MOUNT VERNON--At first blush, they sound like scenes concocted by a struggling writer trying to sell a television series, one that combines the two most time-honored story lines available: lifesaving doctors and crime-busting cops.
It is in the pre-dawn hours of a quiet East Texas morning, and the lanky emergency room doctor, still dressed in his blue surgical scrubs after a 12-hour shift at nearby Mount Pleasant's Titus Regional Medical Center, is en route home when a two-way radio anchored on the dashboard of his '94 Caprice crackles. A sheriff's department dispatcher announces that there has been a hit-and-run accident nearby and the suspect has fled the scene.
The doctor, feeling a rush of adrenaline, is soon in pursuit of the suspect, following him to the driveway of his home. As the suspect steps from his car, Dr. John B. Mullen, 54, is out of his unmarked Chevrolet, gun and Franklin County deputy sheriff's badge in hand, preparing to make an arrest.
Too cheesy? OK, try...
A young couple, having recently left the urban rat race behind, are in the process of remodeling a home that had stood vacant for years. The wife, busily taking inventory of things that need to be done, suddenly screams and immediately places a call to the sheriff's department. Breathlessly, she explains that she has discovered what appears to be a body lodged in her chimney. Deputy Mullen, the department's designated crime-scene investigator, is quickly dispatched.
Indeed, what he finds are the mummified remains of a 20-something male who, records would later show, had been reported missing eight years earlier.
Too gruesome? What if that chimney-dweller was--a vampire? Never mind, too Buffy. How about this one...
We see Mullen the night he stops a carload of local teen-agers for speeding: While talking with the kids, the deputy hears muffled sounds coming from the trunk and requests that it be opened. Inside: another teen, surrounded by dozens of cartons of cigarettes. The other kids are frightened and admit to the officer that they broke into a grocery store in a nearby town. Mullen radios the neighboring police chief--who doesn't even know yet that the burglary has taken place. "I've got the kids who did it in custody if you want to come get them," says our walking tall, butt-kicking action hero, Dr. Cop.
Such stories would usually get you mocked as a weaver of the ridiculous--unless the person to whom you were telling said stories knew the real John Mullen, currently holding down two jobs: emergency room physician and law enforcement officer in Franklin County, Texas. Proving that fact trumps fiction, the life story of former Dallas neurosurgeon Mullen is as inspiring as it is unbelievable, a tale seemingly concocted by a publicity department.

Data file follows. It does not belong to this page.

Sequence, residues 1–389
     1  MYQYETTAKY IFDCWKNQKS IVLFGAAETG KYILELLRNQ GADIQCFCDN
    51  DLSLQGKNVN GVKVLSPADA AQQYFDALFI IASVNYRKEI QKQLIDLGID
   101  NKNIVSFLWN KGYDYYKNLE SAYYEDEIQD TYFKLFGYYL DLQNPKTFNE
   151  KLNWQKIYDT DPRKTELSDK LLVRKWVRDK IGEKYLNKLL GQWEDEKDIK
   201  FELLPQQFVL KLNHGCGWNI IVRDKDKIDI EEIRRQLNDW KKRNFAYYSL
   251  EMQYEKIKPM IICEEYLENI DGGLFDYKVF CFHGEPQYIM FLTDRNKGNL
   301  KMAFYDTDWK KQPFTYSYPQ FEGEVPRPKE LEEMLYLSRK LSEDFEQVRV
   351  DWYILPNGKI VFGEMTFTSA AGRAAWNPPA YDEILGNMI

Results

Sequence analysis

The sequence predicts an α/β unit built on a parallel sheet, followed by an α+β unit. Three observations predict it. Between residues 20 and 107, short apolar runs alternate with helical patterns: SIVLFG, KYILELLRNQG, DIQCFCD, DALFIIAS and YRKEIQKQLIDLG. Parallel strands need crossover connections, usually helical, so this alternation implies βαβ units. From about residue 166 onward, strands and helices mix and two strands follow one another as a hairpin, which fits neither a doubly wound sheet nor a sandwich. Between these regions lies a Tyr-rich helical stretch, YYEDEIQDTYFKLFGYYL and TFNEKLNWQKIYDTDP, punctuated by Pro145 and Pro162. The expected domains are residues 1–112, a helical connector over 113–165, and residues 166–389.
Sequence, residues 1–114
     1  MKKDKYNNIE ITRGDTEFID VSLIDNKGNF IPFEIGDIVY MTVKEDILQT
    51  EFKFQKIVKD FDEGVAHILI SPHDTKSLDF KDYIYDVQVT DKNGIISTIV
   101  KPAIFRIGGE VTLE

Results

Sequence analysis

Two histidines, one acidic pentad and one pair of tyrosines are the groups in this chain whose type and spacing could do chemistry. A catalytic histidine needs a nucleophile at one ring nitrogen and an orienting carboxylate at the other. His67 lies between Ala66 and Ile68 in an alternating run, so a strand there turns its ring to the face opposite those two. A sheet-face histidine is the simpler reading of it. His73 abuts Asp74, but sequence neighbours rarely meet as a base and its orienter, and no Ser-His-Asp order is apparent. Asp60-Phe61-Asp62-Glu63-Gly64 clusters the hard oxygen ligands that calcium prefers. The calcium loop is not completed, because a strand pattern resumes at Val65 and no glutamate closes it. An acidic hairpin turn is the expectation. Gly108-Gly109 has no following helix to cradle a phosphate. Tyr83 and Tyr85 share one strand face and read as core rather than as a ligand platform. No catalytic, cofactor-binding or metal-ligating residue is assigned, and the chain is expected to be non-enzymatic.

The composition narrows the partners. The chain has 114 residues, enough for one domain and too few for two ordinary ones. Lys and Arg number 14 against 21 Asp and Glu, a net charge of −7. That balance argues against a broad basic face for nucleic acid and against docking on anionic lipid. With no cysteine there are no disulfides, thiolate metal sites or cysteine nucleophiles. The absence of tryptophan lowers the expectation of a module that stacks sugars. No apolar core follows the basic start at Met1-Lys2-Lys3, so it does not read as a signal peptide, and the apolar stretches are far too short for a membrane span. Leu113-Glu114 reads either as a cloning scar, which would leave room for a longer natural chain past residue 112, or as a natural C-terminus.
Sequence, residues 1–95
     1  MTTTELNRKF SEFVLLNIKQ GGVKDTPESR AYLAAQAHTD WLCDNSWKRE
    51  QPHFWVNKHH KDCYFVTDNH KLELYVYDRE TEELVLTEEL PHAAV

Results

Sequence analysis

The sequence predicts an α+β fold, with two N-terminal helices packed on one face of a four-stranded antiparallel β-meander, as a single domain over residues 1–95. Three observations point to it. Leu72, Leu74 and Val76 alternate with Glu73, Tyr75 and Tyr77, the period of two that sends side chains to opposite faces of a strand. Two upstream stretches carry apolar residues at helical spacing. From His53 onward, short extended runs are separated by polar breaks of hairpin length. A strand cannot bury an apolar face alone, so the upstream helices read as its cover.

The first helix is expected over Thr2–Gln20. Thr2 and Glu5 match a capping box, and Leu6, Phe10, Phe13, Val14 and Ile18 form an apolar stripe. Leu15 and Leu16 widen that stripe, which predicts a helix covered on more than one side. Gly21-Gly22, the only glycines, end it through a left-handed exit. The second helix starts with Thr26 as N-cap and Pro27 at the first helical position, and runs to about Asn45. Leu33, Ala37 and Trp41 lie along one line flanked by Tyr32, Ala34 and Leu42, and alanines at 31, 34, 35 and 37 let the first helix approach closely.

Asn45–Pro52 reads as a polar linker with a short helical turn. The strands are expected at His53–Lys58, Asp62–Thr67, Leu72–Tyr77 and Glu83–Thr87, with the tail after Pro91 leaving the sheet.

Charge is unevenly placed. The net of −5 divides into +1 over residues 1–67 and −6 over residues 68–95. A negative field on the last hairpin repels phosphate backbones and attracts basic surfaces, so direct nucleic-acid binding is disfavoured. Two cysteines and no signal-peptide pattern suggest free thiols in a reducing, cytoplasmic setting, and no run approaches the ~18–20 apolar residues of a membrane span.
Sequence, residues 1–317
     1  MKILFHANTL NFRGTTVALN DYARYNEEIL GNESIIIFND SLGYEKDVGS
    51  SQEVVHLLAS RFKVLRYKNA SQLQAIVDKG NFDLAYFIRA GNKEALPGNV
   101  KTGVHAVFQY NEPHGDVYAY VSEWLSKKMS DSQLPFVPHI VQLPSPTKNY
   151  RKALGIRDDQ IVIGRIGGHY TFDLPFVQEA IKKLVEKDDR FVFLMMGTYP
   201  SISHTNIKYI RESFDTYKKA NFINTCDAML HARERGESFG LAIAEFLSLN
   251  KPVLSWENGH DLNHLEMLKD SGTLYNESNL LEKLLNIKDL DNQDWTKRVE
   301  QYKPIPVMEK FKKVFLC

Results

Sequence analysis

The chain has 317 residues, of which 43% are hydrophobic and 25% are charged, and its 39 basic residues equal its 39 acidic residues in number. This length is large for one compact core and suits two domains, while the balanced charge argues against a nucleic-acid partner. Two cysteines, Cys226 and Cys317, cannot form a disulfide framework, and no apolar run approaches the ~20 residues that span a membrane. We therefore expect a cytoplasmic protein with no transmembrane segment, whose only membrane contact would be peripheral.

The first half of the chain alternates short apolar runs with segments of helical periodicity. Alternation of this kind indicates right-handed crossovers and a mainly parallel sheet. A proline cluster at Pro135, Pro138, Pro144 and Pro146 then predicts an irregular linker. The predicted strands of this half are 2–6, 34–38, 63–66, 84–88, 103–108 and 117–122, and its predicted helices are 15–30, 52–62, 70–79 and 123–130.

Born in the small upstate New York mining town of Port Henry, the son of a banker father and a mother who was a telephone operator, he did his collegiate undergraduate work at the University of Vermont, earning a degree in chemistry, attended medical school at Southern Illinois' College of Medicine, and served his residency at Duke University. Along the way, he funded his education tending bar, working as a bouncer, and finally, as an assistant to a forensic pathologist.
His own medical career began in Dallas, where he would develop into a highly regarded neurosurgeon, gaining nationwide attention for a procedure designed to control epilepsy. Add that as a reserve officer with the rank of lieutenant colonel in the Army's elite First Special Operations Command, he took a break from private practice to participate in Desert Storm, there to stand ready to tend wounded U.S. soldiers, and that he is certified as a master scuba diver, and a licensed pilot, and a trophy-winning skeet shooter, and that he fights crime in a Batmobile--well, you quickly get the idea that Mullen isn't exactly a slacker.
In fact, he's equal parts Sgt. Joe Friday, Marcus Welby, and Quincy.
Well, maybe not equal parts. He leans more toward his role as policeman these days. Understandable, since all he ever wanted to be was a cop.
"I've always had a tremendous respect for people in law enforcement," Mullen says as he looks out his window, watching the rain fall into the lake that forms the far boundary of his back yard. "I guess it goes back to my high school days, when I'd be hitchhiking home from school in the winters, and officers from the New York State Police would stop and give me a ride."
Besides, police work and medicine mesh well. "In many ways," he says, "they are similar. I've always felt that the medical profession and law enforcement are both a matter of detective work. As a doctor, you're trying to solve the mystery of whatever illness or injury a patient is suffering from. In law enforcement, you're trying to figure out who committed a crime."